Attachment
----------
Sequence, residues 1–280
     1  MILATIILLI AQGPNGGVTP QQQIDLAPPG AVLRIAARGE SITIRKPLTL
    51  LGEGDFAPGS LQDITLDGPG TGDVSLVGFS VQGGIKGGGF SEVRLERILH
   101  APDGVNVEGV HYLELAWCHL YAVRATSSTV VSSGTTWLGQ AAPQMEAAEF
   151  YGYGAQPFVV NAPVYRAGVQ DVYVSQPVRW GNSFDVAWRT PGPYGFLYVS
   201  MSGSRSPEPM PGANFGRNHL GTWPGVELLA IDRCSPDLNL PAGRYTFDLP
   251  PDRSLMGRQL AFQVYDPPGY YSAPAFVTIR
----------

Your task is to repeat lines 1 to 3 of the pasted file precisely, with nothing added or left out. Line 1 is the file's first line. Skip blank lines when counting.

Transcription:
Sequence, residues 1–280
     1  MILATIILLI AQGPNGGVTP QQQIDLAPPG AVLRIAARGE SITIRKPLTL
    51  LGEGDFAPGS LQDITLDGPG TGDVSLVGFS VQGGIKGGGF SEVRLERILH